Communication and Learning in STEM

​Established by the Vice President on 2019-10-14, reference number C 2019-1728. 
Latest revised on 2021-06-14, registration number CLS 2021-0032-1. 
This syllabus applies to doctoral students admitted as of 2019-10-14. 
Regarding older syllabus, please contact the first vice/vice head of department.

Transitional regulations: 
A doctoral student admitted to an older syllabus may earn a degree in accordance with this, provided that the current Appointment regulation for doctoral programmes and current Local Qualifications Framework – third cycle qualifications are followed. 

Doctoral students admitted to an older syllabus of graduate school Communication and Learning in STEM can, however, change to the current syllabus by an application to the Deputy/Vice Head of Department. The change must be documented in the individual study plan.

The graduate school is regulated by the Appointment regulation for doctoral programmes and the Local Qualifications Framework for Chalmers University of Technology – third cycle qualifications and is described in the syllabus for the graduate school. In the event of any conflict between the documents, the Appointment regulation for doctoral programmes and the Local Qualifications Framework for Chalmers University of Technology – third cycle qualifications are governing. For the most recent version of all regulatory documents referenced in this syllabus, see Chalmers’s internal website.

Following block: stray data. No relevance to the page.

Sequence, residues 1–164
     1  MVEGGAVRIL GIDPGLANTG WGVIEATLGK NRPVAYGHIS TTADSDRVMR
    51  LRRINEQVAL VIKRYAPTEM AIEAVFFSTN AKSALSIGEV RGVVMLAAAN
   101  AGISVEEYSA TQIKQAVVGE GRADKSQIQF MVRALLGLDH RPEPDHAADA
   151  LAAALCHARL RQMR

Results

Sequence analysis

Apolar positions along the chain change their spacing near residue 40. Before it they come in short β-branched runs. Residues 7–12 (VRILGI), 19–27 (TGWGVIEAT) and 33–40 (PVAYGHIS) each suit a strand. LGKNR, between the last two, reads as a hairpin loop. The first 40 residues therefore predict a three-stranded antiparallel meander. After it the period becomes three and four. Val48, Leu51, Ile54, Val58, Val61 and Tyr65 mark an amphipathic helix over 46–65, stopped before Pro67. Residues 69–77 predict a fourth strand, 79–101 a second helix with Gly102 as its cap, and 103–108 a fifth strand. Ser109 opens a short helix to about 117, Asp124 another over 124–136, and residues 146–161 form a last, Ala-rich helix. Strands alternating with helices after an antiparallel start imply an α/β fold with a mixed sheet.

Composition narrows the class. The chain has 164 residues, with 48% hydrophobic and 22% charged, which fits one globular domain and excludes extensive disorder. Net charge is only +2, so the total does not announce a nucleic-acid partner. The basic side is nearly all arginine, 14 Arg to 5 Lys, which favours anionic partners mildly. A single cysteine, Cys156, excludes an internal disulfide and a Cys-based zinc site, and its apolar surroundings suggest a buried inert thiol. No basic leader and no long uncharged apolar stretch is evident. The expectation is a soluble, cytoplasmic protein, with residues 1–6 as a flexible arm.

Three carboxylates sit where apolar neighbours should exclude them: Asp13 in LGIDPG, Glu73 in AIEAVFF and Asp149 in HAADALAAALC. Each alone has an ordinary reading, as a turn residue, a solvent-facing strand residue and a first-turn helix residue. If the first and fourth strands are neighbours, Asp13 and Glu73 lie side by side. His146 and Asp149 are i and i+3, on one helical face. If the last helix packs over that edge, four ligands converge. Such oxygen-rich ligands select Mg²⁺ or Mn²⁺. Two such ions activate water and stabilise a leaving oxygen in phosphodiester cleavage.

1. Subject description 

Description of subject 

The graduate school Communication and Learning in STEM (Science, Technology, Engineering & Mathematics) aims to deepen our understanding of learning processes and interaction in higher education and addresses some of the key challenges of communication within the knowledge and information society represented by engineering and the natural sciences.
 
Knowledge and information societies give rise to a close relationship between communication and learning, particularly within STEM areas. This is highlighted, for example, by the following globally recognized paradigmatic shifts:
  • The rapid and comprehensive transformation to digitalization, affecting information behavior, communication, knowledge organization, and dissemination of knowledge in virtually every sphere of society. For this reason, we need to develop the ability to access, create, integrate, evaluate and communicate technology.
  • Increased internationalization and globalization of academia and the professions – with the concomitant demands on effective and conscious academic and professional communication, and expectations regarding multilingual and intercultural competency.